China will raise its defense budget by around 10% this year, compared with last year's 12.2%, a spokeswoman for the annual session of the country's top legislature said Wednesday.
Speaking to reporters at a press conference a day ahead of the Third Session of the 12th National People's Congress (NPC), Fu Ying said the exact figure will be published in a draft budget report Thursday.
"I can give you a rough idea. The recommended growth rate for national defense in the draft 2015 budget report is about 10%," Fu said.
"To tell the truth, there is still a gap between China's armed forces [and foreign counterparts] in terms of overall military equipment. We still need more time," she said, adding that capital support is needed for the modernization of China's national defense and its army.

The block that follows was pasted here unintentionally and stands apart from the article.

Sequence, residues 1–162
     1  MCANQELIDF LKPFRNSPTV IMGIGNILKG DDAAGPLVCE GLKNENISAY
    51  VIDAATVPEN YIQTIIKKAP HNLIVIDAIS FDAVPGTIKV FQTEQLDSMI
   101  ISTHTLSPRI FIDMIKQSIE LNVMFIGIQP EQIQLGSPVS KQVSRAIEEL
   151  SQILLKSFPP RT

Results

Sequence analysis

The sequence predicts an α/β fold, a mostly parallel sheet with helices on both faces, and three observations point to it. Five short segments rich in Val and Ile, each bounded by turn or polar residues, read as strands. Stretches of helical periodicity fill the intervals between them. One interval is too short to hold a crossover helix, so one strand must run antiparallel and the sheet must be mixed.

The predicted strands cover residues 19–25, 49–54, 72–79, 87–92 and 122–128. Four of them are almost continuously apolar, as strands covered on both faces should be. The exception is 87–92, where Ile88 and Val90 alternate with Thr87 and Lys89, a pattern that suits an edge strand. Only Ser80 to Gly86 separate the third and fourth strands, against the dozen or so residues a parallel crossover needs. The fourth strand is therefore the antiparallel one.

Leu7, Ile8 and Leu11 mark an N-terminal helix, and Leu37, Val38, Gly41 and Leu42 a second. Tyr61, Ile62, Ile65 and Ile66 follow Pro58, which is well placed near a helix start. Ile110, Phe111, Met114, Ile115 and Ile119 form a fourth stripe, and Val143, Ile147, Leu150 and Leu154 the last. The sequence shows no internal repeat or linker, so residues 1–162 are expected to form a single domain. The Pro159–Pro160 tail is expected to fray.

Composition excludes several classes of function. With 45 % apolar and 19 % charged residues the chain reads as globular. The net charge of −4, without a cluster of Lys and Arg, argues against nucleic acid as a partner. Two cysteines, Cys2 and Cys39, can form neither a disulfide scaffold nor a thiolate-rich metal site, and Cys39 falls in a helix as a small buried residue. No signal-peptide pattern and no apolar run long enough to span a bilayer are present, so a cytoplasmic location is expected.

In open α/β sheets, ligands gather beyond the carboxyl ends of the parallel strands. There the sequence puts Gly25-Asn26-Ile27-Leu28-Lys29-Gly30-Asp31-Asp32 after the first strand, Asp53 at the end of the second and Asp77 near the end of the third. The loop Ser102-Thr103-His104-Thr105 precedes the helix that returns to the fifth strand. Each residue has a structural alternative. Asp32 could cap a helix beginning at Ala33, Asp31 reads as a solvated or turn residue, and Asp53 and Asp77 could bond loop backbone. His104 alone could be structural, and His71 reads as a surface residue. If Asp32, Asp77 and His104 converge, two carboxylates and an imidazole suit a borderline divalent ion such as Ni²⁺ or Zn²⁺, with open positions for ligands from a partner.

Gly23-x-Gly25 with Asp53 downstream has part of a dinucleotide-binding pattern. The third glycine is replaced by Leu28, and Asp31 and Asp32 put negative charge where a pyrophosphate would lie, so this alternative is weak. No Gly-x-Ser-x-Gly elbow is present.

China's defense budget rose by 12.2% last year, riding on a multi-year run of double-digit increases, according to China's (Xinhua) News Agency.
A growth rate of about 10% could be the lowest in five years.
Fu said as a big country, China needs an army that can safeguard its national security and people.
The spokeswoman nonetheless noted that China's defense policy is defensive in nature, which is "clearly defined in the country's Constitution." China's past achievements in reform and opening up come not from "cannons and warships" but from mutually-beneficial cooperation, Fu said, adding that China will stick to the path of peaceful development.